PENNSYLVANIA — Governor Tom Wolf and the Department of Revenue announced that Pennsylvania collected $4.0 billion in General Fund revenue in December, which was $319.9 million, or 8.6 percent, more than anticipated. Fiscal year-to-date General Fund collections total $19.7 billion, which is $503.1 million, or 2.6 percent, above estimate according to a recent press release. This news comes as Governor Wolf prepares to leave office and hand the reins over to the newly elected administration.
Governor Wolf said that Pennsylvania is in a good financial position and we have more money than what was expected. This extra money can be used to help the people of Pennsylvania. “Going into 2023, Pennsylvania is in a strong fiscal position,” said Gov. Wolf. “Year to date, we are 2.6 percent above our estimated revenue collections, which means we have $503.1 million in the bank above and beyond what we expected. That’s money that can be used to better support the people of Pennsylvania in the coming year, and I look forward to seeing what the new administration and the General Assembly will accomplish on behalf of Pennsylvanians.”
“My goal has always been to build a strong foundation for Pennsylvania, so that our government can invest in the things that make Pennsylvanians’ lives better. That’s why I’m so proud of the historic $3.7 billion dollar investment I’ve made in education over the past eight years. The strong fiscal foundation that my administration has built will empower the next administration and the General Assembly to continue making life-changing investments in the people of Pennsylvania in the years to come.”
“It was only a couple years ago during the early months of the COVID-19 pandemic that we were facing a $3.2 billion shortfall at the close of the 2019-20 fiscal year,” Revenue Secretary Dan Hassell said. “Fortunately, we are facing a much different situation today — and that is very much a testament to the strong fiscal management of Gov. Wolf. Pennsylvanians should be encouraged that we are on such solid financial footing as the Governor closes out his term.”
The majority of the surplus in December is attributable to personal income tax revenue that was deposited on the first day of the month, rather than on the last day of November, as initially expected. Ultimately, this one-day shift of revenue had a minimal impact on overall General Fund collections.
Sales tax receipts totaled $1.2 billion for December, $2.3 million below estimate. Year-to-date sales tax collections total $7.1 billion, which is $134.8 million, or 1.9 percent, more than anticipated.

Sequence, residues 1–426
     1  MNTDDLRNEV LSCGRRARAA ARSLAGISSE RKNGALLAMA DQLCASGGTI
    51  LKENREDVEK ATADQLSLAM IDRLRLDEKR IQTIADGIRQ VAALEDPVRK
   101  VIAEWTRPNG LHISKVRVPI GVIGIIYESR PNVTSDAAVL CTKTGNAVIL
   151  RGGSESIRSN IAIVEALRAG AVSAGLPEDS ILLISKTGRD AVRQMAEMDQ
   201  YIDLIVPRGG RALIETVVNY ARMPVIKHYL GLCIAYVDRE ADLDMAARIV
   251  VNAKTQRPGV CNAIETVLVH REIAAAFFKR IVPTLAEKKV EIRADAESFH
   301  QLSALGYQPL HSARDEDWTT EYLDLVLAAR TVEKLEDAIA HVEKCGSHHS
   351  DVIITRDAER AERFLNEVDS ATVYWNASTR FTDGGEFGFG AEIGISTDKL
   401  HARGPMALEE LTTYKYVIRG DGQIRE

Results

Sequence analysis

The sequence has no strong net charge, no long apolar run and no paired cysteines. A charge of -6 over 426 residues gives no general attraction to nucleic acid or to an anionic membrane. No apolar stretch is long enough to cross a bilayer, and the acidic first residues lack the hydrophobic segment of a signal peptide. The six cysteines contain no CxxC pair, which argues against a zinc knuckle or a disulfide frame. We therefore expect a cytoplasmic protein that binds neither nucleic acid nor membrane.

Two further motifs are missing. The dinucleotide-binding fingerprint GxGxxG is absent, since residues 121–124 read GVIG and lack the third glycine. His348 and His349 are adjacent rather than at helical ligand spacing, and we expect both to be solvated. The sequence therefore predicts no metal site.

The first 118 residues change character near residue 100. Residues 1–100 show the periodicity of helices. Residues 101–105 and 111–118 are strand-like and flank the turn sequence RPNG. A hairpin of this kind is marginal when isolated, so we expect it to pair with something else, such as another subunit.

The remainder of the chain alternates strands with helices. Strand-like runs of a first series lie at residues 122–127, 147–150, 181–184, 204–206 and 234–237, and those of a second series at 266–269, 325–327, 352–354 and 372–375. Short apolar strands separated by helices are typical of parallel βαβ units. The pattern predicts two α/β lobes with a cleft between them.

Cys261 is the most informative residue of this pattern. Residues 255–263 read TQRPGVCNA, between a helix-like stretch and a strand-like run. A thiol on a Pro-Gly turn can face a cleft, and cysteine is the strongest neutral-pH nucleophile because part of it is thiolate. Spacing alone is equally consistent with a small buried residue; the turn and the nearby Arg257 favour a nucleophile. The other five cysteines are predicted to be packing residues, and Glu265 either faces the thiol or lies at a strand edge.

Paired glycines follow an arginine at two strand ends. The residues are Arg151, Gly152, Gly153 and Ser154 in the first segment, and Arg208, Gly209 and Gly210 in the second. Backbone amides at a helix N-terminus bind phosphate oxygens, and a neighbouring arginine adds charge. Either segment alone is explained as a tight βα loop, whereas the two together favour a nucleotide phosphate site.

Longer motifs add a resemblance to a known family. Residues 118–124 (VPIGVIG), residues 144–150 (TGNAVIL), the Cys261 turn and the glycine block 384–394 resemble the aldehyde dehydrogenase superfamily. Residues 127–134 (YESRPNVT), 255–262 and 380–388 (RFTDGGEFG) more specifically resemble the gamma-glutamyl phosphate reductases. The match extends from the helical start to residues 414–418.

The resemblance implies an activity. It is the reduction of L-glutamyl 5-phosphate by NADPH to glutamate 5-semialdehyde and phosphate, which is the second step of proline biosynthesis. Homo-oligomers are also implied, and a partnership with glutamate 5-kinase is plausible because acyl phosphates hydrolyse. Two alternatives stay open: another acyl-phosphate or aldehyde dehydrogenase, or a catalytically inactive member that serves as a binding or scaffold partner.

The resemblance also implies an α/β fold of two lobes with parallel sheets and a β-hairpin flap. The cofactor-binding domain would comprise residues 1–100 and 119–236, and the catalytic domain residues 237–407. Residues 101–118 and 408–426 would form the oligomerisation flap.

Personal income tax (PIT) revenue in December was $1.4 billion, $204.9 million above estimate. This brings year-to-date PIT collections to $7.5 billion, which is $27.1 million, or 0.4 percent, above estimate.
December corporation tax revenue of $1.0 billion was $116.3 million above estimate. Year-to-date corporation tax collections total $2.7 billion, which is $328.7 million, or 13.6 percent, above estimate.
Inheritance tax revenue for the month was $138.0 million, $6.1 million above estimate, bringing the year-to-date total to $725.7 million, which is $16.3 million, or 2.2 percent, below estimate.
Realty transfer tax revenue was $55.8 million for December, $23.3 million below estimate, bringing the fiscal-year total to $351.9 million, which is $26.7 million, or 7.1 percent, less than anticipated.
Other General Fund tax revenue, including cigarette, malt beverage, liquor and gaming taxes, totaled $174.2 million for the month, $5.1 million below estimate and bringing the year-to-date total to $939.6 million, which is $32.5 million, or 3.3 percent, below estimate.
Non-tax revenue totaled $55.5 million for the month, $23.3 million above estimate, bringing the year-to-date total to $346.7 million, which is $88.0 million, or 34.0 percent, above estimate.
In addition to the General Fund collections, the Motor License Fund received $203.0 million for the month, $8.2 million above estimate. Fiscal year-to-date collections for the fund – which include the commonly known gas and diesel taxes, as well as other license, fine and fee revenues – total $1.4 billion, which is $25.0 million, or 1.8 percent, above estimate.
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